I’m a huge fan of superpowers—special abilities beyond the norm—having downsides or weaknesses. There’s nothing more boring (IMO YMMV ETC) than Captain Cheesecake, the speculative fiction superhero main character who can do anything. I’m looking at you, Superman—although he had kryptonite, his day-to-day abilities are over the top compared to other superheroes.
The contemporary equivalent of Captain Cheesecake is, of course, Ms Mary Sue (or Mr Mary Stu), the beautiful, talented and charming main character who seems to get whatever she wants and has men falling all over her. You particularly see her in fan fiction—and that’s where the term Mary Sue came from—but she crops up in traditional publishing from time to time as well.
Forgive me for saying it, Twilight fans, but Bella is a good example of a Mary Sue.
If a main character is going to have a supernatural ability, it’s important to me as a reader that it have clearly articulated limitations. It’s important as a writer too, because it’s hard to convolute your character’s life if he or she can just wave a magical doodad and unkink the twists in your plot.
And life is always more fun with a little kink.
Vampires become weak from lack of blood, and usually can’t go in the sun. Mages burn their own internal reserves, an act that limits their magical capacity. Wizards have wands, which can be lost or broken, or need special ingredients that are hard to find. Werewolves have issues with silver and hairy palms. Physically enhanced characters have limitations on how much damage they can take or how far they can push themselves before they keel over (except Captain Cheesecake Superman).
I’m a big fan of an energy limitation because it can be applied in so many different ways—vampires’ requirement for blood is a good example. I’ve used these types of limitations with the main characters in both my novels/series to date: Isla (of Isla’s Inheritance, funnily enough) and Melaina (from Lucid Dreaming).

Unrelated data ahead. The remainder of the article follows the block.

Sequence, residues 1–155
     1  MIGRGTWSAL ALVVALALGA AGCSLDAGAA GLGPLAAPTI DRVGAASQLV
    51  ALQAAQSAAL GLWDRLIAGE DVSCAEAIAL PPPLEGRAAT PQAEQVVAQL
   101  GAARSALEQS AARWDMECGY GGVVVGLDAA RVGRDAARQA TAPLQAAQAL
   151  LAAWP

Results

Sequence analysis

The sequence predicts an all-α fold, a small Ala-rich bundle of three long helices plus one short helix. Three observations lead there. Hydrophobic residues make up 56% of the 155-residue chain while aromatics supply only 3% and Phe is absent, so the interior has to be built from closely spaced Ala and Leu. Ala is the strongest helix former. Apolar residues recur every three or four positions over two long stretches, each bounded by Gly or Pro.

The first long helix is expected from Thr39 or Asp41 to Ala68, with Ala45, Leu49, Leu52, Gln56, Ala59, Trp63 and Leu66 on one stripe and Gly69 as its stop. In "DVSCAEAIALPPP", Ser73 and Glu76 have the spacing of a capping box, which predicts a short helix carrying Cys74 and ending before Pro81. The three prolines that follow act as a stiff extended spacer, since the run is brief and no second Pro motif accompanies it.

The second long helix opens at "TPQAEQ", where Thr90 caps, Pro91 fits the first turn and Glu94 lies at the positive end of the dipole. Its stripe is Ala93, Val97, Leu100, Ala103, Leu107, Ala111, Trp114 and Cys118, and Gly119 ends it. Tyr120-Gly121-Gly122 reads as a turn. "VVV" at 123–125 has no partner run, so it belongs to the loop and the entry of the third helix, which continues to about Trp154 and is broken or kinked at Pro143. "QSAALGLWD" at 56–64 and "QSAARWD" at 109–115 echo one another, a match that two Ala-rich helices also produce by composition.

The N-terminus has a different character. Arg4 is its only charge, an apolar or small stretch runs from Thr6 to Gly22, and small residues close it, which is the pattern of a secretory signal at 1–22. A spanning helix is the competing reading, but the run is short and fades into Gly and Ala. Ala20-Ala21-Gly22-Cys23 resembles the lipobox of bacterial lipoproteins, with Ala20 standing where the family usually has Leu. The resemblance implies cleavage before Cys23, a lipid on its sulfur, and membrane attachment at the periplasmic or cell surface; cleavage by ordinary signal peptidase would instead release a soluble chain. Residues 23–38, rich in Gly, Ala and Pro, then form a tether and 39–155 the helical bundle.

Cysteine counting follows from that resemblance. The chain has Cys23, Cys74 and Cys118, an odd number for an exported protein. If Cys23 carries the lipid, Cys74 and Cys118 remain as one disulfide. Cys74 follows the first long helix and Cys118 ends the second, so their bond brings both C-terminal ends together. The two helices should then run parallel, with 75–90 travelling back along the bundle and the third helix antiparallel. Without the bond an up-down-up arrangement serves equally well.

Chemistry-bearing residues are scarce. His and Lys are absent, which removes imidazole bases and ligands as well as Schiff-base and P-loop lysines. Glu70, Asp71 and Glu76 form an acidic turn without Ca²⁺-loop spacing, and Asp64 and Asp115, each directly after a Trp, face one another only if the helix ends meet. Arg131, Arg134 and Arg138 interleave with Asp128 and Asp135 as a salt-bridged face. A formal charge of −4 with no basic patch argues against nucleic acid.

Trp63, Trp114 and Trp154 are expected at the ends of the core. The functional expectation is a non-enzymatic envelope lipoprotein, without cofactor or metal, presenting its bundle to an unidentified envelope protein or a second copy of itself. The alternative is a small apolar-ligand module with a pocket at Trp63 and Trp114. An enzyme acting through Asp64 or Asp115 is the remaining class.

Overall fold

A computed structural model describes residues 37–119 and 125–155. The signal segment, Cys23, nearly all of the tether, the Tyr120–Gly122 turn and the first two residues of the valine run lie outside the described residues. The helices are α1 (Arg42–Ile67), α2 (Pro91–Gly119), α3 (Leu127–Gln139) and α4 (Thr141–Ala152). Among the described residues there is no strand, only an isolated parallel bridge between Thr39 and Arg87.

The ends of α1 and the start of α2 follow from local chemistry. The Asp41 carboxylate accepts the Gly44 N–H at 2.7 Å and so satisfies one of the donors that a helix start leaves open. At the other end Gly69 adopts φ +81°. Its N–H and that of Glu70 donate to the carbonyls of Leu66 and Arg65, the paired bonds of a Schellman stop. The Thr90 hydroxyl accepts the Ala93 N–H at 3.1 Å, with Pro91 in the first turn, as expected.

In Isla’s case particularly, I also wanted to show the consequences of misusing special powers: what happens when they get out of control. It’s hard to give examples—because hello, spoilers—but think Mickey Mouse in The Sorcerer’s Apprentice. Or Renfield in Dracula.
(It’s really like neither of those things except only peripherally, but that’s the best I can think of.)
Also, another thing to consider is this: moral dilemmas are fun. Just because you can do a thing, should you? This subject could be a whole other blog post (and probably will be one day)—but a character’s morals can impose as much of a limitation on the use of a power or talent as any other, more-physical impediment to their use. (I guess this is where Superman redeems himself. Ok, fine, you can come out of the naughty corner, Clark.)
If you’re a speculative fiction writer, how have you stopped your main characters or bad guys from using their special abilities to wreak complete havoc with your plot and the world around them? And for the readers, what are your favourite examples of a writer putting the breaks on a power?
I came a little unstuck in drafting my current work in progress last week. The WIP is an urban fantasy, like my last two, but this time it’s for adults rather than young adults. Anyway, I was working on a fight scene and, halfway through drafting it, I drew a giant mental blank as to what to do next. My muse basically stormed off to her trailer with a sassy flick of her hair and a rude gesture.
The problem I had was that I was working with a non-traditional bad guy (rather like an evil flying jellyfish), so its attack options were pretty much limited to striking out with its tentacles. And my leading lady, Melaina, wasn’t using any weapons either.
I had a whinge about it on Twitter and my tweep Pippa recommended I buy Rayne Hall’s ebook, “How to Write Fight Scenes”. I’m almost halfway through reading it (a lot of the chapters are about types of weapons, for example, so they are interesting but not directly relevant to my current scene). But it managed to get me unstuck.
I’d worked Melaina’s combat weakness into the book already, but emphasising it a little more in the scene established the stakes, which is important if I want the readers to be cheering for her as the underdog rather than having a little snooze. For example, in typical Hollywood fight scenes I tend to get bored and start thinking about something else—because the scene usually involves a lot of stunts but no real sense that it advances the story, and no real risk to the protagonists.
The other problem was that, given Melaina was fighting unarmed, I needed to have her use the environment. And my initial description of the place where the fight takes place built up the atmosphere but didn’t really include any features she could use as weapons. So last night I went back and added a couple more things that she could use—including the “weapon” she used to strike the killing blow.